Traditional American classics continue their slump
We’ve been through this before, and we’ve read your comments. But don’t fret. Just because cars are in the Bottom 25 of the Hagerty Vehicle Ratings list doesn’t mean they’re bad cars. We know, you’re saying, “There are mid-year Corvettes, peak muscle-car-era Pontiac A-bodies, and Shelby GT350s in the Bottom 25, for Pete’s sake!” We agree, we’d welcome them into our garage as well. But don’t shoot the messenger when it comes to market trends.
As always, our latest Hagerty Vehicle Rating—the first of 2019—uses data that includes auction sales results, insurance quoting activity, and the number of new policies added, which our valuation specialists churn though in order to rank vehicle popularity compared to the overall collector car market. A vehicle that’s keeping pace with the overall market will score a Hagerty Vehicle Rating of 50. Those that are doing better, and are more popular, will score higher. The cars making up the bottom 25 each scored much lower, mustering 20 points at best. There’s not a single pickup or SUV among them—change is in the air.
The Shelby GT350 remained on the list, although the GT500 and first-gen Dodge Challenger were gone, replaced by even more late-1940s and early-1950s cars than we’d seen on the list before. Hagerty valuation editor Andrew Newton says, “One thing that stands out is that 10 of the cars on the list are postwar domestics. For the last couple of pricing updates, this is a segment that values have dropped more than any other and there are no indicators that suggest they will turn back around.” This continues a trend that we mentioned in our previous Bottom 25 article in which younger buyers are going for newer cars and trucks that tend to be more affordable, leaving the higher-priced classics with fewer buyers.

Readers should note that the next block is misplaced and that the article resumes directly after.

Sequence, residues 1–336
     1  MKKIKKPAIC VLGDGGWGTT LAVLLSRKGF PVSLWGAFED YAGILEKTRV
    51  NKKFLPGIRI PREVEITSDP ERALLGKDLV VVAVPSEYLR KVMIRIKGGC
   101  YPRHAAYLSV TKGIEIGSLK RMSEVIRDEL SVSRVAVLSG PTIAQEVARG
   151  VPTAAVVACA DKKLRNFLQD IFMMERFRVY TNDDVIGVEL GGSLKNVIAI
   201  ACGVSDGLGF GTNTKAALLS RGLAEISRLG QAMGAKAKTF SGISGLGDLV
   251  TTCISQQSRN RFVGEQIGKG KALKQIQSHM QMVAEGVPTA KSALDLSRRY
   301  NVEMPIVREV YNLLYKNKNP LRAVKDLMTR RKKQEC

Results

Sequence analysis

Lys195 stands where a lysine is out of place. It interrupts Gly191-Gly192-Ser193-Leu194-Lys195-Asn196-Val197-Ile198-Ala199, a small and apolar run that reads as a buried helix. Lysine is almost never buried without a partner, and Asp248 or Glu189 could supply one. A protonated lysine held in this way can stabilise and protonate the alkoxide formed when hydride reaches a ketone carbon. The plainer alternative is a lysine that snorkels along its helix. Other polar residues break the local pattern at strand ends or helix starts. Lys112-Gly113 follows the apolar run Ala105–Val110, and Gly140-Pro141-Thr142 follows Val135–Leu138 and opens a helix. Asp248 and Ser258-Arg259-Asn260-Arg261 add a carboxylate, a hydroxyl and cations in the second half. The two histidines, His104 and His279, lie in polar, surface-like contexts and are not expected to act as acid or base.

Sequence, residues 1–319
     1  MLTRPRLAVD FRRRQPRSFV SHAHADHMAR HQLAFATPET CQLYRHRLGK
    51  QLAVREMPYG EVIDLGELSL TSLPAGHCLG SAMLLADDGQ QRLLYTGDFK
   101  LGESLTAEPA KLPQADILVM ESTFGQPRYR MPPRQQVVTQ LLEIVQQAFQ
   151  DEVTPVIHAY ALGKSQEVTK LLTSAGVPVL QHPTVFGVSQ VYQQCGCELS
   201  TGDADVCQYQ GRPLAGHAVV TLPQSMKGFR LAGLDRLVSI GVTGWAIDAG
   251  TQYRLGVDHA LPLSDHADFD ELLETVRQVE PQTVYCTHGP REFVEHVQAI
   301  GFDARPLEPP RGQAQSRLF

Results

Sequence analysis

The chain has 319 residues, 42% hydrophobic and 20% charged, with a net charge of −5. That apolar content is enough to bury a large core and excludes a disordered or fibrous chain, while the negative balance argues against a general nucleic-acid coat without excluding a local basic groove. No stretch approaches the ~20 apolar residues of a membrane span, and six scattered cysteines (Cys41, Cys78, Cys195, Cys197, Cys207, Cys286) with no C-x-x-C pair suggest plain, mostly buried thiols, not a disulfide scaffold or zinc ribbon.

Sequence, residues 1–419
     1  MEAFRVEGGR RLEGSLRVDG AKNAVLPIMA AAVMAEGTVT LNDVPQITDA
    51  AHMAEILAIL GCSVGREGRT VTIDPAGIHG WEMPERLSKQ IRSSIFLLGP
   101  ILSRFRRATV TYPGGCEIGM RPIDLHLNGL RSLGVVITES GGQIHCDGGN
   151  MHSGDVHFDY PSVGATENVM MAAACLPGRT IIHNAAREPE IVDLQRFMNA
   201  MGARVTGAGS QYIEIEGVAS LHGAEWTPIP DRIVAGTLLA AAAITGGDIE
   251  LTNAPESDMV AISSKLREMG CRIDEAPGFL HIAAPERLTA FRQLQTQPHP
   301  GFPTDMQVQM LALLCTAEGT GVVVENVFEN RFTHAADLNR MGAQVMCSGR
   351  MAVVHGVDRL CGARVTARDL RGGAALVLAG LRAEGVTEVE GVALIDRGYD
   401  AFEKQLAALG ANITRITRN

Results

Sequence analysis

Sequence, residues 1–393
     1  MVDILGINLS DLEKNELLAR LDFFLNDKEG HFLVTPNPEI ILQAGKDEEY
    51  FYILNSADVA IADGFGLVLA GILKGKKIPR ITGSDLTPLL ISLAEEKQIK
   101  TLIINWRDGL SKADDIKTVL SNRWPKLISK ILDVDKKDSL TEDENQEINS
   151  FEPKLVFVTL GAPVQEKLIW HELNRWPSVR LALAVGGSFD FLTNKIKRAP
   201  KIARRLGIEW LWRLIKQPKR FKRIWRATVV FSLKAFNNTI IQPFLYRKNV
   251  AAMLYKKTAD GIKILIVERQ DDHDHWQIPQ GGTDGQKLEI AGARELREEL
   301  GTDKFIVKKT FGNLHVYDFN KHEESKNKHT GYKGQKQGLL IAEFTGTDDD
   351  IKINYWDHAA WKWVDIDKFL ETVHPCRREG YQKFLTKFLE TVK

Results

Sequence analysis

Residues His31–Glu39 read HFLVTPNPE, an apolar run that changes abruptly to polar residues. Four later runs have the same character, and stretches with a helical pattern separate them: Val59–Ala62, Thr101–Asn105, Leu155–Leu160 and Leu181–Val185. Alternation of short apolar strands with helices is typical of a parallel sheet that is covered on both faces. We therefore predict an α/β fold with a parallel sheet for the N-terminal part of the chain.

A newcomer to the list is the 1949–53 Oldsmobile 88, which we featured last month. Despite its breakthrough technology and wonderful styling, difficult-to-restore classics like the 88 often have a smaller market and struggle to sell compared to their more mainstream cousins.
The Sunbeam Tiger has also dropped way down on our list. The Ford small-block-powered British roadster might have been seen as a much less expensive entry point than the Shelby Cobra, but interest has tanked dramatically. Hagerty has one in its collection and it’s far from perfect. Newton feels that buyers may have caught on that Tigers are overvalued.
Speaking of roadsters, Mercedes-Benz roadsters are all over the bottom 25. Newton notes that “the 560SL’s rating has dropped by a whopping 80 points in the last eight months. Prices peaked in late 2016 with #1 (Concours) and #2 (Excellent) cars shooting way up. Seems like the best examples have changed hands, mostly mediocre high-mileage cars are on the market now, and buyer interest has moved on to later SLs. Similar story with the 350/450SLs, which have been on the list before.” The 280SL remains at the bottom of the list, and it might still be overvalued. If you’re thinking about buying one, Newton suggests that you wait just a bit longer.
That same advice may apply to several of the cars on the list; as prices dip down to meet the loss in demand, it’s possible to snap up an excellent addition to your stable. So if you’re interested in any of the cars in Bottom 25, don’t let its position in the rankings deter you. Keep your eyes open. There might be some deals on the horizon soon.